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How to Write a Proposal for a Book

Maybe you’ve already finished your book. Or maybe it’s only half-way done. Are you still at the idea stage for your book? Whatever the case may be, you’re ready to know how to write a proposal for a book.

The proposal is your way as the author to get involved with the marketing aspects of your potential book. The goal of a proposal is to capture the attention of the reviewer immediately and then show them you’ve got the chops to make this a successful business venture.

So here are the items you’re going to want to include with your formal proposal.

#1. Start with a title page.

This will include the title of your book, your name [and any other author involved], and contact information, such as a phone number or an email address.

#2. Give your book a hook.

Think of the book hook as the tagline for it. What is the one thing that you want people to remember about your story if you have to describe your book in one sentence? If this sentence creates interests, then you’ve hooked the reader into reading further into your proposal.

#3. Offer a new overview of your book.

You’ve probably outlined your story in 150 words or less dozens of times already. You’ve got the overview of your book memorized. Well – stop. It’s time to write something new. Every book proposal should have a uniquely written overview that succinctly tells the proposal reviewer what your book is about.

#4. Discuss what you see the market being for your book.

There must be a target audience for your book. You can’t just say “everyone” or “all women” and be taken seriously. Now you could say “all women in the 65+ age demographic who have been divorced at least once.” That’s a specific market that could be enticing.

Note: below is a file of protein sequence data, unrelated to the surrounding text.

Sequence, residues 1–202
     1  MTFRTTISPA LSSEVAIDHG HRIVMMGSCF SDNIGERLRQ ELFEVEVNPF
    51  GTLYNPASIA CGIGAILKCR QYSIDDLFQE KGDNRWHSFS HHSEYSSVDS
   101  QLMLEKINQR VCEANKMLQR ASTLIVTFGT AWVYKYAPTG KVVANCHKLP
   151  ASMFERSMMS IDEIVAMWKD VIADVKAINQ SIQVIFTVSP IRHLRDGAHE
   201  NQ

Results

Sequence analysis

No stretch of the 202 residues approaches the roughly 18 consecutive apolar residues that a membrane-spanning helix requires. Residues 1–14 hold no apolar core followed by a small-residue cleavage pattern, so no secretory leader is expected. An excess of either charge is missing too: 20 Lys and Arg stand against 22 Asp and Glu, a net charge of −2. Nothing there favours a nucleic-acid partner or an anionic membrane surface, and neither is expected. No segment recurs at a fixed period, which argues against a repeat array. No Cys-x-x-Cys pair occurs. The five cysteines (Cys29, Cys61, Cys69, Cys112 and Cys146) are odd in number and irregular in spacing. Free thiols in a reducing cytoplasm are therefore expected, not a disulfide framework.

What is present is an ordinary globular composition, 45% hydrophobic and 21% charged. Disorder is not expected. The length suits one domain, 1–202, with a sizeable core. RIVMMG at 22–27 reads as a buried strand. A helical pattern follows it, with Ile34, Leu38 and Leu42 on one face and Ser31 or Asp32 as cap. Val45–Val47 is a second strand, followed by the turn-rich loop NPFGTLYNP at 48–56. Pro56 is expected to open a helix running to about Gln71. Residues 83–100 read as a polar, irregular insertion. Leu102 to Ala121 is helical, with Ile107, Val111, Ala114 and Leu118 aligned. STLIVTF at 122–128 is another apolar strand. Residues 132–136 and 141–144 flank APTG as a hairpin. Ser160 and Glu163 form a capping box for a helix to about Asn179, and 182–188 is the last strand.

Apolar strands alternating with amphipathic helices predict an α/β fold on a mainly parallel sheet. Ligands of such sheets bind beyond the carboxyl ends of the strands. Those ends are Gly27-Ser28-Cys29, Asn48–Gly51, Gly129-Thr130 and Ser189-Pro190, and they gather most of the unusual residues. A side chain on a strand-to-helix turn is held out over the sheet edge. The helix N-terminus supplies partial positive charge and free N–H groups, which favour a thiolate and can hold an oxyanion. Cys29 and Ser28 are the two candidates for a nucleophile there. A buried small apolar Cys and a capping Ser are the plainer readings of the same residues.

#4a. Discuss how you can reach out to this market.

Identifying your target market is one thing. Being able to effectively reach out to this market to sell your book is a whole different challenge. Maybe you have industry contacts that you can use. Many authors have successful blogs with thousands of followers – that’s definitely a market outreach.

#4b. Discuss how you would influence sales in your targeted market.

People aren’t just going to purchase your book because they see it on a bookshelf. There has to be a drive to put people into bookstores or online outlets where they are actively seeking your book. Will you advertise on TV? On radio? On industry-related blogs? Stand on street corners and spin signs that advertise the title of your book? By knowing why people will buy your book, you can influence sales, and that’s what a good book proposal must do – whether it’s fiction or non-fiction.

#5. It’s all about you.

Now is the time to write about yourself. In a full book proposal, you may find that an entire page can be dedicated to talking about yourself. Yet the content here must make sense. You need to talk about your writing qualifications. Discuss the experiences you’ve had that makes you an expert in your current field. This may include your education, your career, or awards that you may have won.

#6. It’s all about your platform.

Now you talk about what you will do to market your book. Many authors here like to talk about what they are “willing” to do. Nope. Don’t do that. Use the proposal to talk about using your blog to promote your book. Talk about how you will score an interview on local radio. Get onto a podcast if you know you can. What have you done and what do you plan to do?

#7. Are there other books like yours out there?

Don’t spend too much time on this section, but do briefly review similar books that have been reasonably successful. A couple of sentences about each comparable book is often good enough.

#8. Then you get into the final details.

Be specific about your book’s word count. How many chapters do you have? What is the state of your manuscript? Then write a longer synopsis of your story where you take the reader of the proposal from beginning to end. Include sample chapters if requested or the entire manuscript.

If there are specific instructions you are told to follow, then make sure you follow them all to the letter.

When you’ve completed all of these steps, then you’ll know how to write a proposal for a book that has the possibility of being considered.

Melissa G Wilson

Melissa has been a leader in the book writing, publishing and marketing arena for the past two decades. To date, she has helped more than 100 thought leaders write, publish and market their books. Her clients include executives such as Dan Weinfurter a seven-time Inc 500 winner and Orlando Ashford, President of Holland Cruise Lines.

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